Searching for Security
By McNair Ezzard



“Security is mostly a superstition. It does not exist in nature. . .”
— Helen Keller

Most of us know the adage that death and taxes are the certainties of life. But we should add another certainty — change. From the cradle to the grave it is with us. There is no getting away from it. And its greatest effect on us will be that it instills in us a sense of uncertainty. Against this backdrop of constant change we carry on the endless search for security. But can it be found?

According to British author and futurist, Benjamin Crème, the answer is no. “There is no security in life. Life has nothing to do with security…. Creation is evolving, and therefore changing…. There is no status quo, and if there is no status quo, there is no security…. But we all long for it, for physical-plane, emotional, mental security,”1 He is speaking about an eternal truth that nothing in creation is ever static. We see it everywhere — in the change of seasons, the growth from childhood to adulthood, and the rise and fall of civilizations.

Does this mean we cannot expect to have any form of security whatsoever? Not exactly, for it is normal to expect some level of physical security. The desire to fulfill such a need is a natural outcome of life on the physical plane. The teacher and philosopher, J. Krishnamurti, told his students, “One cannot live without security, that is the very first, primary animal demand, that there be physical security, one must have a house, food and clothing.”2  

The problem arises for us when the desire and search for security becomes a psychological demand. It is the psychological demand for security that is at the root of so much suffering.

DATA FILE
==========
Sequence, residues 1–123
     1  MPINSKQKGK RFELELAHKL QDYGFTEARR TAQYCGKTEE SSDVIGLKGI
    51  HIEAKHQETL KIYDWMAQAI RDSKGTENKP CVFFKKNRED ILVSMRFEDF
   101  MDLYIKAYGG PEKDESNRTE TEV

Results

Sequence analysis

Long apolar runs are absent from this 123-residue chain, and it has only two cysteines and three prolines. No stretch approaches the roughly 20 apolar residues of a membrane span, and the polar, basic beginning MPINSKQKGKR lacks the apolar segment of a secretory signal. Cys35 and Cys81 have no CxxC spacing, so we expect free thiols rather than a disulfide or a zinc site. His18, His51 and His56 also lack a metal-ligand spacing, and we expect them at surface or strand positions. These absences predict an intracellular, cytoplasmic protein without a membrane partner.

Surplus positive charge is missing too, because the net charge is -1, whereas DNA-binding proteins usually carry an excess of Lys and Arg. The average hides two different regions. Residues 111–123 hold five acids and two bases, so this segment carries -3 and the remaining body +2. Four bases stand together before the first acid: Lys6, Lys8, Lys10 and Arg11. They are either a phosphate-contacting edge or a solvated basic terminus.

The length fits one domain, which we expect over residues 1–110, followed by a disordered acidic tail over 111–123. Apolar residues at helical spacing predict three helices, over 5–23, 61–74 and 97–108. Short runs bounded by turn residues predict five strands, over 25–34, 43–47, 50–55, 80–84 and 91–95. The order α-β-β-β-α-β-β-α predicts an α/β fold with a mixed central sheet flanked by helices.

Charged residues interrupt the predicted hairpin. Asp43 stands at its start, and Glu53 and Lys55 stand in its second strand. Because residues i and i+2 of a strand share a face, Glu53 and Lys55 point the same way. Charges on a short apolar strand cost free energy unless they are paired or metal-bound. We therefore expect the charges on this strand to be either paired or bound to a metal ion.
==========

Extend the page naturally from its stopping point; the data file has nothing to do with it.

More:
Individually we seek psychological security through marriage, children, a job, or the accumulation of wealth. On the collective level, there is the search for security by each family, each group and each community. Every nation that has the means, seeks security far beyond the level of its physical needs — security for its way of life, its economic dreams, its culture and natural fortunes, its political ideology. But at whatever individual or communal level it may be attained, any seeming security is short-lived. Stability and security are always superseded by a period of change, uncertainty and insecurity. Yet, if security is such a fleeting experience, why do the majority of people seek it?

Why do we seek?
Fear is the motivator behind our search for security. And our fear exists because we are caught in the web of illusion. From the moment of birth till the hour of death, we are all conditioned by family, teachers and society to believe in a fantasy. That which is unreal is taken to be real. The impermanent is seen as permanent. The personality form, the little self — physical body, thoughts and emotions — we see as solid testament to what constitutes our individual identity. As long as we identify with the personality, we will also identify with the world in which the personality has its life.